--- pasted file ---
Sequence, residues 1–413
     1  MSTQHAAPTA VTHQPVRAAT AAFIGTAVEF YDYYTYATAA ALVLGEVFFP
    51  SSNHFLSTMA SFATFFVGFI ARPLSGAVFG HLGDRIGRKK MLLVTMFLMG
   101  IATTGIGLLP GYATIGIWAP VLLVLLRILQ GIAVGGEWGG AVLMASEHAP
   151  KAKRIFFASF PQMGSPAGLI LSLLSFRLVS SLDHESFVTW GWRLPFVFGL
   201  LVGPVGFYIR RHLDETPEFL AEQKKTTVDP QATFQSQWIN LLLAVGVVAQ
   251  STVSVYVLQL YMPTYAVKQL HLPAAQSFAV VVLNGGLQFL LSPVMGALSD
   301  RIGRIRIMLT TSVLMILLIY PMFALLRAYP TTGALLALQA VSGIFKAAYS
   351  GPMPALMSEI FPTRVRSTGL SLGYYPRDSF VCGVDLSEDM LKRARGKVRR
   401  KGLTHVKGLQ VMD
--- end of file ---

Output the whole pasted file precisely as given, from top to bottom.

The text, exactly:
Sequence, residues 1–413
     1  MSTQHAAPTA VTHQPVRAAT AAFIGTAVEF YDYYTYATAA ALVLGEVFFP
    51  SSNHFLSTMA SFATFFVGFI ARPLSGAVFG HLGDRIGRKK MLLVTMFLMG
   101  IATTGIGLLP GYATIGIWAP VLLVLLRILQ GIAVGGEWGG AVLMASEHAP
   151  KAKRIFFASF PQMGSPAGLI LSLLSFRLVS SLDHESFVTW GWRLPFVFGL
   201  LVGPVGFYIR RHLDETPEFL AEQKKTTVDP QATFQSQWIN LLLAVGVVAQ
   251  STVSVYVLQL YMPTYAVKQL HLPAAQSFAV VVLNGGLQFL LSPVMGALSD
   301  RIGRIRIMLT TSVLMILLIY PMFALLRAYP TTGALLALQA VSGIFKAAYS
   351  GPMPALMSEI FPTRVRSTGL SLGYYPRDSF VCGVDLSEDM LKRARGKVRR
   401  KGLTHVKGLQ VMD